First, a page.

What makes a good deed good? Is it the motivation? If you help someone out just because your religion tells you to, does that taint your good act? The social psychologist Will Gervais has a new article out that attempts to address these questions by testing people’s perceptions of good deeds. What he found is baffling, and deeply revealing of our cultural bias.
In the experiment, Gervais is asking whether it makes a difference if someone does a good deed for religious reasons as opposed to other reasons. Through an online survey site, like this one, Gervais gave people a set of stories about a protagonist, Brad. Some participants read a scenario where Brad does a good deed for religious motivations (e.g. Brad gave $500 to charity after reading a tragic news story and thinking about his religious beliefs). A different set of people got stories where Brad gives $500 after reading the same tragic story and simply thinking about it. And a final set read stories where Brad thought about his secular beliefs before donating.
After reading the vignettes, all participants are asked to rank the morality of Brad’s actions and to what degree he deserves praise. Religiously motivated benevolence was perceived as less moral than both the neutral “just thinking about it,” and the secular motivation. In other words, these judgments weren’t simply based on whether Brad acted in accordance with a belief system that encouraged altruism. Instead there seemed to be something particular about religious motivations that make them seem less moral.
Subsequent experiments honed in on this difference and found that it was based on intentionality and responsibility. By intentionality, Gervais is talking about whether people do a good deed for the deed itself or whether the action is a side effect of some other goal. If the man paused to think about his religious beliefs, then his benevolence was viewed as a side effect. If the guy thought about his secular worldview, then his good deed was viewed as an intentional goal, not a side effect.
Gervais measured responsibility by asking, “To what degree was Brad personally responsible for his actions?” At first this seems like a silly question, but when Brad thought about his religious beliefs before acting, he was seen as less responsible for his actions. As Gervais summarized, “religiously motivated actors are seen as less responsible for their good deed than are actors performing the identical good deeds for other reasons.” In the final analysis, Gervais found that these perceptions of losing responsibility were the primary reason people also found religious motivations to reduce the morality of good deeds.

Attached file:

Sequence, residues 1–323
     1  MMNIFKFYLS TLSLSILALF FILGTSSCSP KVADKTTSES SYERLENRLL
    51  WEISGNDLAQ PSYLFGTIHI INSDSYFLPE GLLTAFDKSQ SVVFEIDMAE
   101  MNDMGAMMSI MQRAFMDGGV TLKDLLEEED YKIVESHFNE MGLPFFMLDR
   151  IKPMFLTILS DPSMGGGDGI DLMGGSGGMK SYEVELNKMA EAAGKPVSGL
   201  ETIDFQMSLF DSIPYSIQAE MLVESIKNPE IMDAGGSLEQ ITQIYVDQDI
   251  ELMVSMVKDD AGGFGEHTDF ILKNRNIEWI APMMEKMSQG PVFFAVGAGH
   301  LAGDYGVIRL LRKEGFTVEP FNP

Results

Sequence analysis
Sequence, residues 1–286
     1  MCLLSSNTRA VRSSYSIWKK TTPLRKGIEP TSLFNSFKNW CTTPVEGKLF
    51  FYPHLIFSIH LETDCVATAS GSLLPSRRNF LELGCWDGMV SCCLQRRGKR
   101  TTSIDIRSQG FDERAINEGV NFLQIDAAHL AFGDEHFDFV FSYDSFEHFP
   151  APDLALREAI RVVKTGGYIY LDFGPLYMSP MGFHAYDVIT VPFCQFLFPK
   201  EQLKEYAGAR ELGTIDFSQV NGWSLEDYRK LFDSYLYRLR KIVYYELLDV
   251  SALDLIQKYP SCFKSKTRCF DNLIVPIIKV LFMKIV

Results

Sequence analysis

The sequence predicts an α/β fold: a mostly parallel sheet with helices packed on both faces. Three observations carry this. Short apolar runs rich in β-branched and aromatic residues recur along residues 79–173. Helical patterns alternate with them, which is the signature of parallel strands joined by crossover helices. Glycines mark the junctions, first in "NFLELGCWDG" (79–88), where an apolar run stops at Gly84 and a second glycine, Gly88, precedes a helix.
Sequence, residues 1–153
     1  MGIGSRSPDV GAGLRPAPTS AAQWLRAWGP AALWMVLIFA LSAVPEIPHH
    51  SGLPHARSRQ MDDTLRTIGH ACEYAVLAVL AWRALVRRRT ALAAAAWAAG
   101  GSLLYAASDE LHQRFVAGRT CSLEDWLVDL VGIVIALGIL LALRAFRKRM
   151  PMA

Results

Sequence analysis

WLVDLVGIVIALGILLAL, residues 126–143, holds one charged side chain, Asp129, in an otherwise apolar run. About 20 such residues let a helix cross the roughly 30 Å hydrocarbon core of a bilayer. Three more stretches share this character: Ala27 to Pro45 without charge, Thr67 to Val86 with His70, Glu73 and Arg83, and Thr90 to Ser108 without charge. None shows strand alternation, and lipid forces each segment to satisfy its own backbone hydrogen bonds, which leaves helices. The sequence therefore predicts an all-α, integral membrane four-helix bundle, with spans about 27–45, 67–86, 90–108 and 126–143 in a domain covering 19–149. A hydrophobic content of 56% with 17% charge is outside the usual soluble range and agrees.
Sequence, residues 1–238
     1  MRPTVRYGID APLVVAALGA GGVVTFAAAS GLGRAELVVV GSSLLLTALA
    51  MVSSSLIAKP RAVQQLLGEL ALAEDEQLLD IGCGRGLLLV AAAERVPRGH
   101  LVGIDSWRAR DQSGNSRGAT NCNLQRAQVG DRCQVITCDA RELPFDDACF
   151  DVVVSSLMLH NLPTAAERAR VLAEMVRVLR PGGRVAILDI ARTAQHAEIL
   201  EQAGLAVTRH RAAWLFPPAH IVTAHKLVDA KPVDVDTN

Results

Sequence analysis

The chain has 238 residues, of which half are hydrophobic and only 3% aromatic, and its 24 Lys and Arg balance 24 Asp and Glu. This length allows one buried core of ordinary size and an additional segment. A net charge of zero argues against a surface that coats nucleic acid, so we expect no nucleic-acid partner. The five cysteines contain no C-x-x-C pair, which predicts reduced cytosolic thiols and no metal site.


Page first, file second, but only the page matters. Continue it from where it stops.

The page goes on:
I don’t disagree with Gervais’ methods, analysis, or findings– it’s a pretty straightforward experiment and I can’t argue with the data. But I’m baffled by people’s judgment!
First off, why would thinking about your religious beliefs make you less responsible for your actions? And why are secular beliefs given a special status such that you can be motivated by them without losing responsibility for your actions?
My sense is that we are all embedded in worldviews that guide a lot of our actions. The food you eat, the clothes you wear to work, how you get to work, who you say hello to, and what you talk about (and with whom) – all of these things are primarily guided by our culture. And thank goodness! If we had to consciously think about everything we do, it’d be exhausting – we need communities and systems of belief that take care of some of those decisions. Even more strongly – we don’t just need these systems, we’re always part of them. Does that make us less responsible for these actions?
Of course not.
This negative association between responsibility and reliance on communities is built on the myth of a perfectly rational actor. We want the purely objective person who isn’t swayed in their judgments by cultural norms or the expectations of others.* This person, the myth goes, would be truly free and responsible for their actions. But don’t others always influence our actions? Tying responsibility to an absence of influence seems absurd to me, if not downright dangerous.
Yet this seems to be the myth behind the second connection that Gervais uncovered: if religiously motivated people aren’t responsible for their actions, then they’re less moral. What?!
Why should being part of a community that encourages you to do good things make your actions less moral than someone who decides on their own to do a good deed? I’ll admit that being part of such a community makes it easier to act altruistically. If I don’t want to give to charity, but I know my friends are giving and expect me to as well, then I’ll probably suck it up and give. Is that still moral?
Apparently many people would say no. Or at least call it less moral than if I decided to give because of my objective commitment to some secular standard. But to me, that rational sort of commitment seems way more fragile than the felt obligations to a community. On our own, we can rationalize our way out of doing pretty much anything that we don’t want to do. But, if we’re bound to a community, then we’ll probably do those things even if we don’t want to. I don’t know if that makes someone less moral, but I do know that it often makes for better neighbors.
*And for good reason– sometimes those culture norms can be pretty nasty.